Read the entire piece here.
While running the Veritas Forum, Kullberg worked with Christian speakers such as Francis Collins, Robert George, Os Guinness, Tim Keller, Peter Kreeft, Madeleine L’Engle, George Marsden, Frederica Mathewes-Green, Alister McGrath, Richard John Neuhaus, Alvin Plantinga, John Polkinghorne, Dallas Willard, Lauren Winner, Nicholas Wolterstorff, and N.T. Wright. She put some of these speakers into dialogue with the likes of Anthony Flew, Christopher Hitchens, Nicholas Kristof, Steven Pinker, and Peter Singer.
In her new role with the “The American Association of Evangelicals” she works with court evangelicals and pro-Trump evangelicals such as Eric Metaxas, James Garlow, Everett Piper, Tim Wildmon, Wayne Grudem, Steve Strang, David Barton, and Lance Wallnau (the Trump prayer coin guy).
The divisions in American evangelicalism are widening. The American Association of Evangelicals (AAE) is now the conservative, Christian Right alternative to The National Association of Evangelicals (NAE). Here is how it understands its relationship to the NAE:
Kullberg is also a leader with Evangelicals for Biblical Immigration (EBI) a more conservative evangelical immigration group that appears to be an alternative to the Evangelical Immigration Table (EIT). While the EBI includes many of the culture warriors I mentioned above, the EIT includes people like Leith Anderson (President of the NAE), Shirley Hoogstra (President of the Council for Christian Colleges & Universities), and Russell Moore (President of the Southern Baptist Ethics and Religious Liberty Commission).
New alignments are forming. Evangelicalism is changing and fracturing.
The Beto/Trump hand gesture skirmish—Trump jerks and floats his arms and hands around in even odder ways—was another inanity of this 2020 campaign, one that is sure to be followed by many more. This is because a campaign of this length demands programming. As cable channels peaked in the early 2000s, TV producers realized they had a lot of dead-time to fill and only so much money to spend filling it. Hence, the birth of reality TV: Survivor, American Idol, and, to the detriment of our future selves, The Apprentice. They were all aspirational, promising us stardom, great wealth, or the kind of self-discovery that can keep any average schmuck alive on a desert island.
Today, the hours, days, weeks, and months of the perma-campaign must be filled, too. Beto’s hands, Amy Klobuchar’s salad comb, Bernie’s head bandage, Elizabeth Warren’s beer chug, Cory Booker’s girlfriend, Kamala Harris’s musical tastes while she smoked pot in college. No triviality is too trivial for an underpaid journalist somewhere to bundle into an article, video, or meme in the hopes of attracting attention and driving fleeting dollars to a collapsing media ecosystem. The perma-campaign is the apotheosis of reality TV because the stakes are so high—we are choosing a world leader with the power to drop civilization-annihilating bombs, and therefore every plot twist in the extended marathon can be justified in the solemn, self-satisfied way a political reporter will defend just about every absurd practice of the profession.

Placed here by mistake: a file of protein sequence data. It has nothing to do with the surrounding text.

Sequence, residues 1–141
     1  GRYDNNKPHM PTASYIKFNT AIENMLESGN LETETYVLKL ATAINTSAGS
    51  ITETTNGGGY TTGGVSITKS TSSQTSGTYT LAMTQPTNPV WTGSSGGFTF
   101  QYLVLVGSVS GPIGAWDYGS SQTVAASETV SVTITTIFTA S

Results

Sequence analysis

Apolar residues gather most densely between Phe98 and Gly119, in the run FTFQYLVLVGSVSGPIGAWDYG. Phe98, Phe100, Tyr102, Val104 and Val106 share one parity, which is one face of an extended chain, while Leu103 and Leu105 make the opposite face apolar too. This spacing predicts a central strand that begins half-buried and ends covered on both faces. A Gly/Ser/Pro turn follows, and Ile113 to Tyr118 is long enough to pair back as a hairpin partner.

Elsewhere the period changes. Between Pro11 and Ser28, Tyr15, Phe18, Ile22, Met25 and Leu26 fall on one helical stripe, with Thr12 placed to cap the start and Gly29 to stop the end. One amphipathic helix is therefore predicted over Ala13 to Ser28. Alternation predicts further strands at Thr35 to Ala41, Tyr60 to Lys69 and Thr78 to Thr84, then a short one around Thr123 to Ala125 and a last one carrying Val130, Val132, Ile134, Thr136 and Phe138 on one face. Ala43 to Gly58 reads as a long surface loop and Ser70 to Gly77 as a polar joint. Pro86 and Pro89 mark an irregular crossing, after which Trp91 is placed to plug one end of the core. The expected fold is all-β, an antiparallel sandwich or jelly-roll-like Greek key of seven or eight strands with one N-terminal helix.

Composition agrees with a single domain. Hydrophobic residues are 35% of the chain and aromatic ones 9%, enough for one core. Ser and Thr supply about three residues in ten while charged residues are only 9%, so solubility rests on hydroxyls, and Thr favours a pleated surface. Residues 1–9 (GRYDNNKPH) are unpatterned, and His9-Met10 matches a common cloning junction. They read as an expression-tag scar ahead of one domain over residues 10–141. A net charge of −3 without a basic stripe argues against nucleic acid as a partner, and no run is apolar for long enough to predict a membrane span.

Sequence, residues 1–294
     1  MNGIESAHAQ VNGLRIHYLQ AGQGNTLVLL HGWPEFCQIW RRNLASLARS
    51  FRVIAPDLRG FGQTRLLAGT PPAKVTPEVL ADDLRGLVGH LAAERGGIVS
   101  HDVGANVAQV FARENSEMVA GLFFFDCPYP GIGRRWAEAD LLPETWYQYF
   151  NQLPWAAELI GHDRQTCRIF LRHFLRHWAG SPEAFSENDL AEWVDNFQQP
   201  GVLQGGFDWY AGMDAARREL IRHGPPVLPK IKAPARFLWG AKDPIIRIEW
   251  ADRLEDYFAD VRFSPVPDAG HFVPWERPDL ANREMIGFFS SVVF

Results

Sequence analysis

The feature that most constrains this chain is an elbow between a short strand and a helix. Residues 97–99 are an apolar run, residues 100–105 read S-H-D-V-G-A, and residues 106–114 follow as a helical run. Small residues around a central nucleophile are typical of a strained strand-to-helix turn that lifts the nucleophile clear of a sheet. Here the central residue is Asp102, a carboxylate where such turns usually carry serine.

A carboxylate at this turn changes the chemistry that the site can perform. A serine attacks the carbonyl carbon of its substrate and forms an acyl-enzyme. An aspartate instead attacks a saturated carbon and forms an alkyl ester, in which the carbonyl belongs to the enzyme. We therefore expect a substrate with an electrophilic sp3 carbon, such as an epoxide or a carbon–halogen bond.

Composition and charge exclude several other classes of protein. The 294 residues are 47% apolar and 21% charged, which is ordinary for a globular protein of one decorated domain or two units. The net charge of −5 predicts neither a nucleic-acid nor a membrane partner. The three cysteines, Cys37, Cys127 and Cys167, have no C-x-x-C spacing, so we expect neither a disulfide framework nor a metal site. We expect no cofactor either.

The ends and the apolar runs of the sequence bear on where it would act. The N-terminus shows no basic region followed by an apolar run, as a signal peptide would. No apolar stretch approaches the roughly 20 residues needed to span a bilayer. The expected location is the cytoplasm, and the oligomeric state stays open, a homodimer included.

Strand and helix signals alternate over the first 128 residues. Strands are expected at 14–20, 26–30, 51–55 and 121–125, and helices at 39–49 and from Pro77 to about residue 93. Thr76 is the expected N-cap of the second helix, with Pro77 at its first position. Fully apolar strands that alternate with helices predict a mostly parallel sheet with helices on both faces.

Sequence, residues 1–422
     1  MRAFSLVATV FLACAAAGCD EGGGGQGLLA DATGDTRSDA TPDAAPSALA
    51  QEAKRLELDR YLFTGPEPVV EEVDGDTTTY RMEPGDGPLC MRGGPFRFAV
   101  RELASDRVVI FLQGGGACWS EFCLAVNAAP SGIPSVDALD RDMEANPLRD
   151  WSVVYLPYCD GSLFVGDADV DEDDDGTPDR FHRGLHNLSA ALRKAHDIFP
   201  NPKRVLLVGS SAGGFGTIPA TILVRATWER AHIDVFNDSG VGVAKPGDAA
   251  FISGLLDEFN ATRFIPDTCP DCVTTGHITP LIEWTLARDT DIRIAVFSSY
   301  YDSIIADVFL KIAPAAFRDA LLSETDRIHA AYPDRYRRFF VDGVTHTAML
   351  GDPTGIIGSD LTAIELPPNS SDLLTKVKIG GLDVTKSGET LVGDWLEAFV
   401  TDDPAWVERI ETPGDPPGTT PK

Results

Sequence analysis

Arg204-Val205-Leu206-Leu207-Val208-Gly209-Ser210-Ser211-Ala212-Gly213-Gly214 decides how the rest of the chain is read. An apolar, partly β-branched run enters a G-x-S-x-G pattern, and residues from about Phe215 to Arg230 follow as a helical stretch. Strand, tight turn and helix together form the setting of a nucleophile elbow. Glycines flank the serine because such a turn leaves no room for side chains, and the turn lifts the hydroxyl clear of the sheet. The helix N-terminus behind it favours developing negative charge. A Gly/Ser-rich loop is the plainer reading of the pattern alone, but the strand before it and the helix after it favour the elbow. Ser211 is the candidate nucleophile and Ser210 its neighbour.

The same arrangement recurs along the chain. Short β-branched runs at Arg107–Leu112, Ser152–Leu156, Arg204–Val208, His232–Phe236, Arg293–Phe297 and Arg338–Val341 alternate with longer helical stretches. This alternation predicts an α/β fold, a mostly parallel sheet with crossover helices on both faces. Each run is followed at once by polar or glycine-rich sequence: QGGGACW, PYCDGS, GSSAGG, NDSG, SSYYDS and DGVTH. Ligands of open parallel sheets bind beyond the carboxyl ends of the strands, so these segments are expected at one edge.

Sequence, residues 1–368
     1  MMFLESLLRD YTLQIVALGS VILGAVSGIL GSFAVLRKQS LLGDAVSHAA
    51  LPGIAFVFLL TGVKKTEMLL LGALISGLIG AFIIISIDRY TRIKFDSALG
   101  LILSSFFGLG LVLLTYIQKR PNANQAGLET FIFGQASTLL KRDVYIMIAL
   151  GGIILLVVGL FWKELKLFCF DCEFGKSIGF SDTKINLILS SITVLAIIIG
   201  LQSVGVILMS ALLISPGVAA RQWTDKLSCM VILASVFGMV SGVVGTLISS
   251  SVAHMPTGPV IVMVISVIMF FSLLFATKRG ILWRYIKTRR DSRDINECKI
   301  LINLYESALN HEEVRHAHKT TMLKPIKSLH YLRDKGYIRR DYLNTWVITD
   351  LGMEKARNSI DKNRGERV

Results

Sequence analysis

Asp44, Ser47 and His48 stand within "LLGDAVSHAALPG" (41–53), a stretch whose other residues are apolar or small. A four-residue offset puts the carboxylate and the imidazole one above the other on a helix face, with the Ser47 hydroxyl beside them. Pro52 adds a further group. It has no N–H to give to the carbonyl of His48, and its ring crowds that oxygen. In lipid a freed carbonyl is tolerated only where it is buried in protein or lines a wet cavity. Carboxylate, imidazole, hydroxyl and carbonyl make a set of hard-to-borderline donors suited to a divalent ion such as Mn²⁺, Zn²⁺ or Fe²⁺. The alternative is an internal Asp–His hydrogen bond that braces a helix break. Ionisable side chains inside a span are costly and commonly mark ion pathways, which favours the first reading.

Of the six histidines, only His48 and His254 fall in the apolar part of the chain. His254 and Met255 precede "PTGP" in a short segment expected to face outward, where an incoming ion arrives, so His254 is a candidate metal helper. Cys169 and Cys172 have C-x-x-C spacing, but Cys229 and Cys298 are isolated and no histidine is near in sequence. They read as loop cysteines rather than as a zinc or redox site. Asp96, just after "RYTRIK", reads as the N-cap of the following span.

Beto, Bernie, Biden, Kamala, and more—these are characters the American people must get to know through their TV screens and social media. This year and next, they are all Democrats, and they are auditioning for us. They will speak to us, rally for us, and construct events in states ten months before a vote. Why? Well, the show needs content. And if you aren’t producing content, you are irrelevant. Imagine a presidential candidate deciding to take April, May, and June off, arguing that an entire six months of campaigning before the Iowa caucuses is probably enough to win votes. The horror! What will be tweeted, Instagram storied, Facebook lived, and packaged into lively, anecdote-addled reporting for a New York Times political memo?
Thirty-four years ago, the media theorist Neil Postman published a book that is distressingly relevant today. Amusing Ourselves to Death was a prescient indictment of TV culture that drove to the heart of the matter in ways few academic texts ever do. Postman’s problem wasn’t so much with TV itself—people have a right to entertain themselves—but with how the rules of this dominant technology infected all serious discourse. He fought, most strenuously and fruitlessly, against the merger of politics and entertainment.
We’ve only metastasized since Postman’s time, with the internet and smartphones slashing attention spans, polarizing voters, and allowing most people to customize the world around them. What’s remained constant, at least in certain quarters, is the principal of entertainment: most political content operates from this premise first, that it must captivate before it informs. The image-based culture triumphs. Beto told you in a crisp three minutes and twenty-nine seconds why he wanted to be the leader of the free world.